Lockdown Gift Ideas: 20+ Puzzles to Buy from Museum Gift Shops

Play At Home

As the age of COVID lumbers on, it’s easy to list things we miss from the Before Times. Visiting friends and family. Eating in restaurants. And of course, going to museums.

You can still “visit” museums on the Escape to the Museum Virtual Scavenger Hunt, and many more places on our Virtual City Tour Games. But for the most part, museums around the country have been closed to in-person visitors for weeks and months. Thankfully, many of their museum gift shops are still open, and they offer a staple of lockdown home entertainment: jigsaw puzzles. This round-up of puzzles available at gift shops will help you keep yourself amused in quarantine (or any time) and support your favorite museum at the same time.

Into the Museum

The Metropolitan Museum of Art in New York has a number of puzzles featuring famous art, including Hokusai’s Great Wave and Monet’s water lilies. Their Inside the Museum Puzzle, though, is a one-of-a-kind reminder of everything (and we do mean everything) that makes the Met great.

To the Moon

SFMoMA’s 1000-piece Moon Puzzle offers a dizzying escape into space. Getting away from Earth sounds pretty good right now, to be honest.

Inspirational Women

Boston’s Isabella Stewart Gardner Museum (site of one of the greatest museum heists in history) brings you another circular puzzle, this one featuring dozens of inspirational women. Brief mini-bios printed on the puzzle itself introduce you to famous woman like Kathrine Switzer, the first woman to officially run the Boston Marathon, and Malala Yousafzai, the Pakistani activist and history’s youngest Nobel laureate.

Even More Inspirational Women

The North Carolina Museum of History sells a number of jigsaw puzzles, including puzzles highlighting women elected to office and the famous 2017 Women’s March. Of course, you can also score puzzles featuring landscapes and landmarks from North Carolina.

Hell-o, There

While we’re sticking mainly to American museums, this micro-puzzle from Spain’s Museo del Prado is too good to go unmentioned. Measuring only 10 centimeters by 15 centimeters when completed, this 150-piece puzzle remains a challenge because it features the Hell section of Heironymus Bosch’s famously strange, dense Garden of Earthly Delights.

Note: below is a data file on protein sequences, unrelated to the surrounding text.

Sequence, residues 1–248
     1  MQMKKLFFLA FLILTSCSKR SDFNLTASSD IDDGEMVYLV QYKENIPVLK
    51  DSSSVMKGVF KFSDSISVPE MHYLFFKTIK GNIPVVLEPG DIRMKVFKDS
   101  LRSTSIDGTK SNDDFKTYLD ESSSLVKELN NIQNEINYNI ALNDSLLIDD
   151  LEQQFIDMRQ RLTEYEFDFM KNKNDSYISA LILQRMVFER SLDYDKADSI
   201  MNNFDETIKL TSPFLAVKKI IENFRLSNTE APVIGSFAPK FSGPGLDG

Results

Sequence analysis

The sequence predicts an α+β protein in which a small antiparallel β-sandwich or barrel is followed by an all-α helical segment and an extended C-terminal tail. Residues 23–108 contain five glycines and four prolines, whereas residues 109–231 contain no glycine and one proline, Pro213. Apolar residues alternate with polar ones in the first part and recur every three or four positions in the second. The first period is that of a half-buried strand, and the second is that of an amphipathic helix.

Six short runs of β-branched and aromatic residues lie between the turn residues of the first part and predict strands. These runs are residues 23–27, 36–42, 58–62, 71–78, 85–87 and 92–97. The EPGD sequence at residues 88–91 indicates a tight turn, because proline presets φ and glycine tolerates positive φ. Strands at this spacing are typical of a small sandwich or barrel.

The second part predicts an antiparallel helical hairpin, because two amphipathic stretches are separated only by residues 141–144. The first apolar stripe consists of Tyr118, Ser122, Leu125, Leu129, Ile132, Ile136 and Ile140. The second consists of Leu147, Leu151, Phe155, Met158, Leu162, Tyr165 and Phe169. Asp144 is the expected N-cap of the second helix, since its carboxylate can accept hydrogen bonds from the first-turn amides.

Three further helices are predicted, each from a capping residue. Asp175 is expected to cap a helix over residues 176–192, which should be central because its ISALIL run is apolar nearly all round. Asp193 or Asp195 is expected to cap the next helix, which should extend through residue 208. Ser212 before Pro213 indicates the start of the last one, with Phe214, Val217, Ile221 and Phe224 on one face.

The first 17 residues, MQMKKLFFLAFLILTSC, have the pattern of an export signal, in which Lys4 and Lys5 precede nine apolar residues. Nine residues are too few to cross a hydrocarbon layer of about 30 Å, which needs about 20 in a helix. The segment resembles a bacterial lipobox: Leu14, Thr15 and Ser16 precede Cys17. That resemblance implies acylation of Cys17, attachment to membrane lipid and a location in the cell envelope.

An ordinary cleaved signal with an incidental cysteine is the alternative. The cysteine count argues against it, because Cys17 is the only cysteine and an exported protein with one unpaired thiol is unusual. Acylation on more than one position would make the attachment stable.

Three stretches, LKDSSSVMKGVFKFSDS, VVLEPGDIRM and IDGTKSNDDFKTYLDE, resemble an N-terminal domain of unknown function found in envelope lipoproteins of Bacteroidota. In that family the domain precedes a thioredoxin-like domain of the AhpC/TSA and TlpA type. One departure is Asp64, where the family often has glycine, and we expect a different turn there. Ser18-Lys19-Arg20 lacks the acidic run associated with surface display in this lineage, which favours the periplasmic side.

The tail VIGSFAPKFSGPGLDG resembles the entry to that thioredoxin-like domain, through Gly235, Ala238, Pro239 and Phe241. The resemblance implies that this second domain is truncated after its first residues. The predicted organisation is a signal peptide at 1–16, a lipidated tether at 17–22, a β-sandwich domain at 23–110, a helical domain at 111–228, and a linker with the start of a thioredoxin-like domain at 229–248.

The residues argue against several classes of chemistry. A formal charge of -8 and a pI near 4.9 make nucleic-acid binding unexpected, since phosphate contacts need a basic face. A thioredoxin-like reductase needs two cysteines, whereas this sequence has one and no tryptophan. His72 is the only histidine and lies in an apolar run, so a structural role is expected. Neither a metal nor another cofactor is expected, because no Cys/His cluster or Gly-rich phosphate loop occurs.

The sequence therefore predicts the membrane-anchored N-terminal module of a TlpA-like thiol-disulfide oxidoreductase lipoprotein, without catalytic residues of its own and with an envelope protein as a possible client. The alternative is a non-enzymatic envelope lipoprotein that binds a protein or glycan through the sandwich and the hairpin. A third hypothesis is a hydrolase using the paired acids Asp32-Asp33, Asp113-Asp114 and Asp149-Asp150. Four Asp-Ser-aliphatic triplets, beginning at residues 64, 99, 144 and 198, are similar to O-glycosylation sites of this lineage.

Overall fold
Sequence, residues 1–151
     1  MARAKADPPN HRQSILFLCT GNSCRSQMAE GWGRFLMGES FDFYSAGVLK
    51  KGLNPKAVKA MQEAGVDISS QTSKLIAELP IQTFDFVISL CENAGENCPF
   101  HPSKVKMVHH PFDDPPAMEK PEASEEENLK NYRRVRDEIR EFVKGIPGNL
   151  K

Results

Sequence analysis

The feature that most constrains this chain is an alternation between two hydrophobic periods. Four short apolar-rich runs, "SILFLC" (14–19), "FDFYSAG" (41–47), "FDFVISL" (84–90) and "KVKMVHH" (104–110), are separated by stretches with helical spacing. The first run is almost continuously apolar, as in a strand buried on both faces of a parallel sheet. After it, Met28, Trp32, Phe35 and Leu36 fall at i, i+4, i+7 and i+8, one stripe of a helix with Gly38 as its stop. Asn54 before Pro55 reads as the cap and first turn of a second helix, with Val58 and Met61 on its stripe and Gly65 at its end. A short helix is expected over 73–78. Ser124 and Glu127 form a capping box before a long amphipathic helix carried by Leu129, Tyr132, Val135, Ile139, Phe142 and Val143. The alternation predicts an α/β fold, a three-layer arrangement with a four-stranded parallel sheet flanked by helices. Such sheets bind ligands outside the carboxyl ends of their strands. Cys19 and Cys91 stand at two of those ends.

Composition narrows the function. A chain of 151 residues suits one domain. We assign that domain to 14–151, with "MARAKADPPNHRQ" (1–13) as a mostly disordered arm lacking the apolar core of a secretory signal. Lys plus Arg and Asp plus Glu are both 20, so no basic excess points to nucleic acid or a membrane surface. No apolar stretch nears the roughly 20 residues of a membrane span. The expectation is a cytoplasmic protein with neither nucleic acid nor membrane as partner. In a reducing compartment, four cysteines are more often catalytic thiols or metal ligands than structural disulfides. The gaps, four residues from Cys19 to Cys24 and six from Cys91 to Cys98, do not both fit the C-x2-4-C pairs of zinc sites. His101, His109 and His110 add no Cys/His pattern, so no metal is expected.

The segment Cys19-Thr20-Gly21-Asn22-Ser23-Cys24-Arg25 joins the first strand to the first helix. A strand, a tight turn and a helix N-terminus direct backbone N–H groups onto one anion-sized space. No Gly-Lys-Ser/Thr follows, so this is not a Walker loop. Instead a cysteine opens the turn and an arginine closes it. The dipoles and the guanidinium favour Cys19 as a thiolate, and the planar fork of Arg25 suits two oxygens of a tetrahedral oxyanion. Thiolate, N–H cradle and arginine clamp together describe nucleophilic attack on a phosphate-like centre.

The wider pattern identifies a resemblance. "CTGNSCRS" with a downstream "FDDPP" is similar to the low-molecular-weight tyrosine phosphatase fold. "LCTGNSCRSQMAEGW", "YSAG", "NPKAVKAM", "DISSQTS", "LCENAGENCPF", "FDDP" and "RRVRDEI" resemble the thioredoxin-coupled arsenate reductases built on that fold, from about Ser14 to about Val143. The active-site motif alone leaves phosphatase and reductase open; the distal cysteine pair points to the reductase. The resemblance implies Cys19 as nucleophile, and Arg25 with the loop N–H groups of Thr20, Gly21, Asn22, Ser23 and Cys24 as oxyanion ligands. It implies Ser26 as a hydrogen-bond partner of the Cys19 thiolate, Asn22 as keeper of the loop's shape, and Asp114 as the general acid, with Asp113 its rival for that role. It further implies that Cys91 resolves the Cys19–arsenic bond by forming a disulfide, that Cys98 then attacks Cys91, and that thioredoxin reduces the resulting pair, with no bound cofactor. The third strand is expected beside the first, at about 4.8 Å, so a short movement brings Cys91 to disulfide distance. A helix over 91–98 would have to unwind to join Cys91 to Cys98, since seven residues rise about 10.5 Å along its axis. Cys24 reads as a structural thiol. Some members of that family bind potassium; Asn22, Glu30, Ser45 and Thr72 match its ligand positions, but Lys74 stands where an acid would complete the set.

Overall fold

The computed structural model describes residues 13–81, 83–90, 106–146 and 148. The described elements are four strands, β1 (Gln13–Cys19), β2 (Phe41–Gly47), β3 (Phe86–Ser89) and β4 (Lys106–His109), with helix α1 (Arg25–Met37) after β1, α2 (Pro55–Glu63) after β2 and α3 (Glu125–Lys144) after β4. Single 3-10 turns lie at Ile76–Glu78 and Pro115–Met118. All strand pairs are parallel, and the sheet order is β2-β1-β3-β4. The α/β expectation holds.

How Much Warhol Is Too Much Warhol?

LACMA’s gift shop is chock full of puzzles, including the acutely adorable Little Artist family puzzle. One of their most unusual offerings, though, is this Andy Warhol Selfies puzzle, which is just, y’know, a ton of Warhol selfies. Like, a lot of them. If that’s your thing, have at it.

Fewer Pieces, Just as Much Fun

Sometimes you want to relax with a jigsaw puzzle without dedicating your life (and living space) to it. The Philadelphia Museum of Art has you covered with a line of mostly 300-piece art puzzles, including classic Van Gogh sunflowers, the striking Moorish Chief, and Duchamp’s still-quite-challenging-at-only-300-pieces Nude Descending a Staircase.

Stamps Ahoy

In Washington, D.C., the Smithsonian store offers a handful of puzzles, including an excellent sloth puzzle. Anyone looking for a challenge would do well to try the two vintage stamp puzzles, one featuring butterflies and the other celebrating historic American milestones such as the launch of Skylab, the presidency of JFK, and the, uh, existence of clowns.

How Curious

Among the Field Museum’s assortment of puzzles, highlights include the oddly cute Tree of Life puzzle and just plain odd Curiosity Cabinet of Facts puzzle.

Virtual Central Park

While you can’t buy them at a gift shop, these virtual jigsaw puzzles from the Central Park Conservancy are just as fun as the real thing. Assemble some iconic sites and sights of Central Park, including the Dene Slope and Romeo and Juliet, and then learn a little more about them. It’s not quite the same as visiting in person, but you’ll have to dodge a lot fewer maniacally fast cyclists doing these at home.


Lead puzzle photo by Hans-Peter Gauster on Unsplash; puzzle photos courtesy of their respective museums